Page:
Thursday, January 11, 2007

Touro Plan Clears First Hurdle

Touro Plan Clears First Hurdle
By J.M. Brown, Times-Herald staff writer

Touro University won the first major victory Tuesday for its ambitious plan to design and build a retail corridor and education village on a rough stretch of northern Mare Island that lacks even basic infrastructure.

The Vallejo City Council unanimously approved a six-month agreement to negotiate exclusively with Touro to redevelop the 190-acre area the city has been unable to secure a revitalization deal for since the Navy closed Mare Island Naval Shipyard nearly 11 years ago.

Where three other developers expressed doubt about investing in the property, Touro officials pledged Tuesday that they have secured up to $500 million in private funding to create their "university village" concept, which includes a research center, retail zone and river walk.

If the plan succeeds, the corridor would provide residents of the new Mare Island housing developments with more places to shop, eat and study. It would also put a new face on a critical intersection, at G Street and Azuar Drive.

Any developer would have to pay the more than $25 million cost of installing water, sewer and other infrastructure costs, which city officials said other companies had been reluctant to cover. Touro has agreed to shoulder those costs, as well as the city's negotiating expenses.

Council members asked that the island's master developer, Lennar Mare Island, be kept in the loop about Touro's plans. They also asked how the project would affect the university's goal to expand the current 44-acre campus on the island's south end.

"We find the two projects synergistic," Touro's pointman for the project, vice president Richard Hassel, told council members.

City community development director, Craig Whittom, assured council members that Lennar would be kept abreast of the talks with Touro.

The two developers were unable to agree on what to do with the land before Lennar's exclusive period to work on the project expired last year.

Councilmember Tom Bartee thanked the Touro officials for their interest in Mare Island, but said he wants to see "a game plan" for how the university will further develop its existing campus. He also asked city development officials to create a project timetable and ensure the city gets "fair market value" for the north parcel.

Councilmember Stephanie Gomes, who before winning election was a vocal opponent of the city's waterfront redevelopment scheme, said the public is leery of any changes to development plans and delays.

Still, she said she supports exploring Touro's plans, adding, "You can't do great things unless you take that great leap."

Also Tuesday, Gomes joined fellow member Gary Cloutier in pressuring downtown redevelopment officials to be precise about when the plans to revitalize the Virginia Street corridor will get underway. Gomes said area business owners and residents are "hanging on a shoestring," waiting for ground to break.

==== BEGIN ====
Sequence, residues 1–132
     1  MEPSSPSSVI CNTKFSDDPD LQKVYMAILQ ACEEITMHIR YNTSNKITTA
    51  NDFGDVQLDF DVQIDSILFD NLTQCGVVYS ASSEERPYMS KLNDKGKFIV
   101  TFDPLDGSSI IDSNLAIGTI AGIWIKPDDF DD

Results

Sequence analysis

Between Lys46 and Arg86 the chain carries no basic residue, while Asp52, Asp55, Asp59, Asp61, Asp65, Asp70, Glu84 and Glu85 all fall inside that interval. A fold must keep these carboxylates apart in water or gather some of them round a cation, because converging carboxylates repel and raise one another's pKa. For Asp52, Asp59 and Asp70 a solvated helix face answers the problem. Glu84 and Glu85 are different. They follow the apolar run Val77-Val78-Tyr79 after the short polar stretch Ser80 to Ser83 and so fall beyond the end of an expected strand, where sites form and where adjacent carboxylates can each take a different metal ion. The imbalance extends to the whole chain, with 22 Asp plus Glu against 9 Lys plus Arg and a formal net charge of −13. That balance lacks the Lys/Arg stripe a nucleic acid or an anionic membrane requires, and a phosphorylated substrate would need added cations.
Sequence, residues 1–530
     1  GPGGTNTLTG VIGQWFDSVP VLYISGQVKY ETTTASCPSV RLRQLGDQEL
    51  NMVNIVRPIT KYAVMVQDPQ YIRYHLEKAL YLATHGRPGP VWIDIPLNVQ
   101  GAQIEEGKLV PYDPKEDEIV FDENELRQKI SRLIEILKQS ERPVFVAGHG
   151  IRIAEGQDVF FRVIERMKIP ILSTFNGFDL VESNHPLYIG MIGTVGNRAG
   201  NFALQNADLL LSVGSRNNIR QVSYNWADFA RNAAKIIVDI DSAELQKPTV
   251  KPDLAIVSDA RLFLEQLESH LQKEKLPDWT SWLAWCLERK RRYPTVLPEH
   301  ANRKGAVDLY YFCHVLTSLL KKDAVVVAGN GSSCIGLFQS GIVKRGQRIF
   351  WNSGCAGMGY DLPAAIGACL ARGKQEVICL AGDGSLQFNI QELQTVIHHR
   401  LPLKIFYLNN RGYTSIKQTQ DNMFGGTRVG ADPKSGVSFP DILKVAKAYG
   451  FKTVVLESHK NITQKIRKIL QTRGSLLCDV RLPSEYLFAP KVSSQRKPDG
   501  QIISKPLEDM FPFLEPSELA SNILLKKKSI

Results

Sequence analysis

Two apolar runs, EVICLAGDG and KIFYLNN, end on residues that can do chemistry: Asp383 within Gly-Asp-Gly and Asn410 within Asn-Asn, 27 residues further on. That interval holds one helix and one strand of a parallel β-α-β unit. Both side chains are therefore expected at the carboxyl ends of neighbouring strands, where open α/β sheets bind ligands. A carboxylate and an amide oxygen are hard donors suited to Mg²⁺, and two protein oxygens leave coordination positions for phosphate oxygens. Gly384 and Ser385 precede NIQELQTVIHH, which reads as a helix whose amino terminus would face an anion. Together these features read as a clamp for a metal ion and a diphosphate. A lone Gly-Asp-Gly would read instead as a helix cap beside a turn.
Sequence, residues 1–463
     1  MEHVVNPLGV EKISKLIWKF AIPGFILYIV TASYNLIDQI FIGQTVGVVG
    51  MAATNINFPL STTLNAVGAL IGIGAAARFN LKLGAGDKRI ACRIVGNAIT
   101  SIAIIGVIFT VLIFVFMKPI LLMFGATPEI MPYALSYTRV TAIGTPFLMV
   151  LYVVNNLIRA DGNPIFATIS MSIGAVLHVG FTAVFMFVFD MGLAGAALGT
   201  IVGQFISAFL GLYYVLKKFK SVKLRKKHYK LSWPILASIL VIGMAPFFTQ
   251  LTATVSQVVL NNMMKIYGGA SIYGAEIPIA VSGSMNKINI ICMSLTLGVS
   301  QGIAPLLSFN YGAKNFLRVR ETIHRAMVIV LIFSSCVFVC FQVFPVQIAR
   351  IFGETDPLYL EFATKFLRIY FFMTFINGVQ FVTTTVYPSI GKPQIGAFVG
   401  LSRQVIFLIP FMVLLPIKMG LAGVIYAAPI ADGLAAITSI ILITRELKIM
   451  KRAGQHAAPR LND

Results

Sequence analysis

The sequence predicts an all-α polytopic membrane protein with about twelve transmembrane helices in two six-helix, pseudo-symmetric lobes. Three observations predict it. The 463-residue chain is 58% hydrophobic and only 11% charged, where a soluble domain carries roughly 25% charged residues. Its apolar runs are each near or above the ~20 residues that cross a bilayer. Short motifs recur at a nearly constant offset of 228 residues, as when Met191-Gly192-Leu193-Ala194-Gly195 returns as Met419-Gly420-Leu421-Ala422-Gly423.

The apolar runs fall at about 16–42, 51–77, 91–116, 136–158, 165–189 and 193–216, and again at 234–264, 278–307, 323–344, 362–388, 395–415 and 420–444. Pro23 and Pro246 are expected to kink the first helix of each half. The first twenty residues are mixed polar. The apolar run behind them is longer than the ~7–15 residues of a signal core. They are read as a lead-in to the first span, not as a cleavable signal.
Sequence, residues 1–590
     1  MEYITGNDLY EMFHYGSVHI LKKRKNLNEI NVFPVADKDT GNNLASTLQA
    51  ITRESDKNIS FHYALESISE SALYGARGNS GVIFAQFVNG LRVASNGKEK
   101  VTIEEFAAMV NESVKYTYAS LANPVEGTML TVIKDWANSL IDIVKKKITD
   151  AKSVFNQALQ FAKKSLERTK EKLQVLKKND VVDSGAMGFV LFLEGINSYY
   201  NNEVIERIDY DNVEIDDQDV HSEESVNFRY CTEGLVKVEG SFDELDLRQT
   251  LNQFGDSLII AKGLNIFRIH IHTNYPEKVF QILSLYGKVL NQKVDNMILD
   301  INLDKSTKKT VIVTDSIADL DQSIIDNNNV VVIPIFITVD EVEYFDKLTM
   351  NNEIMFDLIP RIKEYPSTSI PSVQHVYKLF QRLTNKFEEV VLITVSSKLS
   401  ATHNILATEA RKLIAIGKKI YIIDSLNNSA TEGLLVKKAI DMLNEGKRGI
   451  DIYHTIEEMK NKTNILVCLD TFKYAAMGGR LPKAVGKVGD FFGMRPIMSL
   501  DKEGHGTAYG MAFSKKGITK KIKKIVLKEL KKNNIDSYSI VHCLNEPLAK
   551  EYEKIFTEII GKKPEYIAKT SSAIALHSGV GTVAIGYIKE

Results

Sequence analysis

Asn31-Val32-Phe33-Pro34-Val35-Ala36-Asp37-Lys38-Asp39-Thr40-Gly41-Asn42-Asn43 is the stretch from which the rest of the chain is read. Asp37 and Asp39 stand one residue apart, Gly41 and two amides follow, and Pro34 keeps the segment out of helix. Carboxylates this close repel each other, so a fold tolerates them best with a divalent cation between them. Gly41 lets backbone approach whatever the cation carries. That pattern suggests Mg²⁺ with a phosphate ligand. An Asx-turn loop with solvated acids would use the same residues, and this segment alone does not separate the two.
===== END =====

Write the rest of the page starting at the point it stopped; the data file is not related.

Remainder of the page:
After Triad Downtown Vallejo LLC's builder quit the project last summer, the developer decided to construct the mixed-use zone itself. The council unanimously OK'd those changes Tuesday, but came armed with questions about the project's timeline and funding.

"Is Triad ready and able to do it?" Gomes asked.

Triad's development director, Chris Austin, told the council he "can't give a percentage" of commitment but said he expects construction will begin in April - two months ahead of schedule.

Austin said lending companies have pledged to fund the condominium portion, but said construction proposals from union builders are being renegotiated for lower costs.

The cost for condo buyers likely will rise because Triad's finished product will be of higher quality than the initial builder planned, Austin said. But the cost of the mandated affordable housing units will not increase.

Also Tuesday, former City Councilmember Joanne Schivley spoke on behalf of some downtown property owners who have complained about a restriction that they only lease space to retail merchants, in keeping with Triad's redevelopment concept.

Schivley said some owners have invested in downtown longer than Triad has been a revitalization player, and deserve the chance to earn rental income from non-retail tenants until Triad gets closer to completing its project in June 2009.

"That's 2-1Ž2 years away - that's quite a while before there is critical mass in downtown Vallejo to support only retail," she said.

Annette Taylor, the city's liaison with Triad, said Vallejo will continue discussing the issue with property owners and will report back to the council next month.

Also Tuesday, the council approved agreements with two small labor groups to forgo salary increases and make other concessions to cut $192,000 from the city's projected $1.5 million deficit.

After passing on a contract extension with the firefighter union and failing to reach a deal with the police union, the council voted in December to cut $7 million this fiscal year and next from the public safety budget.

E-mail J.M. Brown at or call 553-6834.

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